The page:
The Drive: Start Here

The Drive

The drive through Mexico and Central America is a wonderful experience, however, it’s not an adventure for everyone.

What type of person would like this sort of trip? First and foremost, you go to like to drive—if the open road turns you on then this is a great trip for you.

Even through you could rush the trip, ideally it is better to have an open agenda tat isn’t too pressured by time.

You don’t need tons of money but you should have a nice money reserve for emergencies and potential car issues.

Places and conditions change, thus be prepared to make variations or detours altered from the original directions; though generally speaking things in Central America change slowly—except for Costa Rica where it seems different every time I go back, which has been every six months for the last decade.

There is no one correct way of doing anything and therefore if you find a way or route that you feel is easier or less complicated, please send your comments to us at DriveMeLoco so that your information may be included in the next publication and so that the loco community gets updated—we are stronger together.

Which Route?

There are three main routes through Mexico, one is along the Atlantic Coast (actually the Gulf of Mexico), the second is through Central Mexico and Mexico City, and the third is by the way of the Pacific Coast.

From Texas the four main entry points are El Paso, Piedras Negras, Laredo and Brownsville.

There are several east-west, north-south links as you journey south through Mexico.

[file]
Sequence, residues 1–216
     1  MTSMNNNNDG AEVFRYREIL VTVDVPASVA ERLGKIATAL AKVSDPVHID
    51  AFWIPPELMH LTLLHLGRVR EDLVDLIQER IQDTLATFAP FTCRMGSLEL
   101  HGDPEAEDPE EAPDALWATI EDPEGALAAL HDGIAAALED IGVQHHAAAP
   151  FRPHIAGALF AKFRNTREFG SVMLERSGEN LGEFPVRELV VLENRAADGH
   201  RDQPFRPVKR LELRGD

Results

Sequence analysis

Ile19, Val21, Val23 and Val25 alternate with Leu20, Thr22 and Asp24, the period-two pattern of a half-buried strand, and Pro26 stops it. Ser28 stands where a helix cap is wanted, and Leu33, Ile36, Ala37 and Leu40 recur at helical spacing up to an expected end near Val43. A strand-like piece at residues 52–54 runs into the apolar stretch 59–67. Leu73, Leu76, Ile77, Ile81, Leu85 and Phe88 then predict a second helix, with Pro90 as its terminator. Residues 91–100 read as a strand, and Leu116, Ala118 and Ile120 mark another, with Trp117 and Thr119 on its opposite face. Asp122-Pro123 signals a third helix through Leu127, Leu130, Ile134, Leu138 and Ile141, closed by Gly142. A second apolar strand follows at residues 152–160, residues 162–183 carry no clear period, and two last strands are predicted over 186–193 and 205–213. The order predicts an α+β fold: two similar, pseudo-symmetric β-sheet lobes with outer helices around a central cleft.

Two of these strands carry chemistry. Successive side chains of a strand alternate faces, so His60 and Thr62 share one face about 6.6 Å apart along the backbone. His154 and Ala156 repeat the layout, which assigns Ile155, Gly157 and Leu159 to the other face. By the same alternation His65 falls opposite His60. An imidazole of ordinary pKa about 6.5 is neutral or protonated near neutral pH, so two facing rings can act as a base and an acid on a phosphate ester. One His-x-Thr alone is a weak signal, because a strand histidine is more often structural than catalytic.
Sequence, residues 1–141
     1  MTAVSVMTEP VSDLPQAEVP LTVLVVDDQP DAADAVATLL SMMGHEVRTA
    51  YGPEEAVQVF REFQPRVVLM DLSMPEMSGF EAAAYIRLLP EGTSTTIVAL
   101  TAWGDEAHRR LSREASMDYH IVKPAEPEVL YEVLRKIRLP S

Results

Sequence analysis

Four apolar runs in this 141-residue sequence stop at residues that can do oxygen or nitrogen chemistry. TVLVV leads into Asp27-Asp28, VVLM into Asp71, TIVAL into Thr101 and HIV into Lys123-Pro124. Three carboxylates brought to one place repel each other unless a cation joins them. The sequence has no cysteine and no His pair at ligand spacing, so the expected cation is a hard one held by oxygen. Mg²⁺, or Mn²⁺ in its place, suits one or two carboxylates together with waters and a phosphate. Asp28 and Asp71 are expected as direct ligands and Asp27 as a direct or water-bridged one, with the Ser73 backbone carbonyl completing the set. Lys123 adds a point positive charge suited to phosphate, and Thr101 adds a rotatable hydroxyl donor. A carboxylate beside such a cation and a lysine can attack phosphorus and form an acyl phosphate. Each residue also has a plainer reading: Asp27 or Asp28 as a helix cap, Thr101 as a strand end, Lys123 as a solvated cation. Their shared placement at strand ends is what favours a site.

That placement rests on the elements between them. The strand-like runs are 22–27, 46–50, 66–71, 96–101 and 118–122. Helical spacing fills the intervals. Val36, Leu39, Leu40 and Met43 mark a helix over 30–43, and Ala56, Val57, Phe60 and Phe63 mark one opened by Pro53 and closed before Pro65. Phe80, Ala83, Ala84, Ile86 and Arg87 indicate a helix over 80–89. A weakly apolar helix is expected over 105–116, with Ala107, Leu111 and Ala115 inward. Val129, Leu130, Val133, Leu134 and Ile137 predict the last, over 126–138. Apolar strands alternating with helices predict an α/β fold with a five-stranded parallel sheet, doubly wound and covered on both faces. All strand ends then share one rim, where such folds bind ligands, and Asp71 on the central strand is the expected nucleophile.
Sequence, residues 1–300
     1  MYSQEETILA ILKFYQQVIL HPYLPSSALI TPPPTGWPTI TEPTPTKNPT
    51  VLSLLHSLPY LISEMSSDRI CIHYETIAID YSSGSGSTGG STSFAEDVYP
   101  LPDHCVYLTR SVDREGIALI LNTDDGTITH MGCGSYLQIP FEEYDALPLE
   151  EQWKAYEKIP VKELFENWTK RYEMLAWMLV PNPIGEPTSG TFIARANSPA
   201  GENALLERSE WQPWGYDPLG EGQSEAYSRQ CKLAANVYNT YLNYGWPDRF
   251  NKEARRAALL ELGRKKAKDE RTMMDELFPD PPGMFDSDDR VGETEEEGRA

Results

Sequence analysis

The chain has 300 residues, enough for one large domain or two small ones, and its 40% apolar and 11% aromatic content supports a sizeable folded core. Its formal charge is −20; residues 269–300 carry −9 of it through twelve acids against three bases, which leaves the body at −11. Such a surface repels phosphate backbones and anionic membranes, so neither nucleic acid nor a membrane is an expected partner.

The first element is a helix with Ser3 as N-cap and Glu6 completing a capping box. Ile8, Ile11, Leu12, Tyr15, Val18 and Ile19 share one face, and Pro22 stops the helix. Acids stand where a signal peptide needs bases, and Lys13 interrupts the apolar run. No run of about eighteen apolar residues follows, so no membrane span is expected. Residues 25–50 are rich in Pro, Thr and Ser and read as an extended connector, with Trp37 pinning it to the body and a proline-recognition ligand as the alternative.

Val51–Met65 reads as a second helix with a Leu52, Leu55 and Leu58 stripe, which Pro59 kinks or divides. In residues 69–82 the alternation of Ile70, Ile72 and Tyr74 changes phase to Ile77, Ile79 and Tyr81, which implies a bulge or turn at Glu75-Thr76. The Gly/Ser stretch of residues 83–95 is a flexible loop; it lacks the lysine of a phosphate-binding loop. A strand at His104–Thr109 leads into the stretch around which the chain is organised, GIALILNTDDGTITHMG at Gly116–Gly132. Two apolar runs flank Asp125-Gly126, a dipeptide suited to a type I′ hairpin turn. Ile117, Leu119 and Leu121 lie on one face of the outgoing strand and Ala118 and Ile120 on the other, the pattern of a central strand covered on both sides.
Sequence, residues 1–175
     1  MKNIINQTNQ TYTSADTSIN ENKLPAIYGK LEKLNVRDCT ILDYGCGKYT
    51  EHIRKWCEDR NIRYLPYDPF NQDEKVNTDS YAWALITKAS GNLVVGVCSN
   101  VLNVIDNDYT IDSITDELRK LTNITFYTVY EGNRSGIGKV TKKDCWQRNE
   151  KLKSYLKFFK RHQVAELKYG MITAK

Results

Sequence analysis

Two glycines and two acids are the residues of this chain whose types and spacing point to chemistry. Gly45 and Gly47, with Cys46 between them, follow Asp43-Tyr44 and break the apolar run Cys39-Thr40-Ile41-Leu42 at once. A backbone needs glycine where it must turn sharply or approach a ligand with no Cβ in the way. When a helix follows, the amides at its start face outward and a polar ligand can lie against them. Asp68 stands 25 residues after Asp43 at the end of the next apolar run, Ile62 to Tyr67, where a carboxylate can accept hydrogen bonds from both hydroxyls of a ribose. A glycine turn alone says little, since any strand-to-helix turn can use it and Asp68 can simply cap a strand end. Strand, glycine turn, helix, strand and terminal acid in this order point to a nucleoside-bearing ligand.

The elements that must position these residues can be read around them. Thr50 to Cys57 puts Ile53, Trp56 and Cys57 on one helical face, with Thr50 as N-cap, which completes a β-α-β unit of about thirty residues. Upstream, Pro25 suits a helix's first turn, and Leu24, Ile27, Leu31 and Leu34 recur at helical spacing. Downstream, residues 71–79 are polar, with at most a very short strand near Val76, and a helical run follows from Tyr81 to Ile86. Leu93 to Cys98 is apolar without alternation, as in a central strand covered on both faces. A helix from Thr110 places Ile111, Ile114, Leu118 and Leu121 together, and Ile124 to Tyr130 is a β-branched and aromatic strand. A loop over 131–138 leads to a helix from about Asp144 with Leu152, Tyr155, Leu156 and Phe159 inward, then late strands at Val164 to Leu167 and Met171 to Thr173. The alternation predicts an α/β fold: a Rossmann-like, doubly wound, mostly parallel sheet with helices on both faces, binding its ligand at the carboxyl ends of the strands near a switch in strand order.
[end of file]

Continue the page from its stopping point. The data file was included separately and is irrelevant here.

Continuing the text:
The Pacific Coast route is the hands down favorite among travelers. The roads are better overall, drivers don’t have to circumnavigate Mexico City, and there are plenty of beautiful sites along the way.

Those travelers that have driven all three route agree that the Pacific Coast route is by far the best.

The route detailed in the city-by-city portion of this guide is the Pacific Coast route of Mexico, until Chiapas where I recommend diverting to the interior to see the jewels left by the Mayan civilization.

If Central America is your goal, then the central route bogs you down too much in Mexico City and the surrounding areas.

The Atlantic route is just plain hard on vehicles and the scenic delightful places are fewer. Head for the Pacific Coast and then south through Mexico.

From Chiapas I always take the route into Guatemala heading directly for Antigua (one of my favorite cities in all of Central America.

From Guatemala you have two choices, continue through El Salvador or through the beautiful rolling hills of Honduras.

Surfers may want to head to El Salvador but if you need a break from all the great waves you got in Mexcio and would like to do some diving or spend some time in Copan, Honduras.

Gringo Behavior

Most often once officials see your gringo face an unrestrained passage can be expected, usually they ask a few questions and check your paperwork and send you on your way.

In all my years of travel I have only been hustled by the police around the USA border, most of the other officials are quite friendly.

In situations where you are motioned to pull over the officers will ask a few general questions and then check your vehicle or migration paperwork.

No problem, always present a polite and respectful attitude and the officers will do the same.

Idiotic, disrespectful travelers can expect a synonymous response from officials.

If you are traveling with a fluent Spanish speaker, have that person deal with the officials.

All things being equal in these situations, have a women talk to a man and a man talk to a women when dealing with border officials or customs inspectors.

Have a great trip, be safe and don’t drink and drive or drive at night!

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15 Responses to “The Drive: Start Here”

  1. E at #

    Hi there,

    I can’t find your contact info on your website so I apologize if this is the wrong place to post our questions.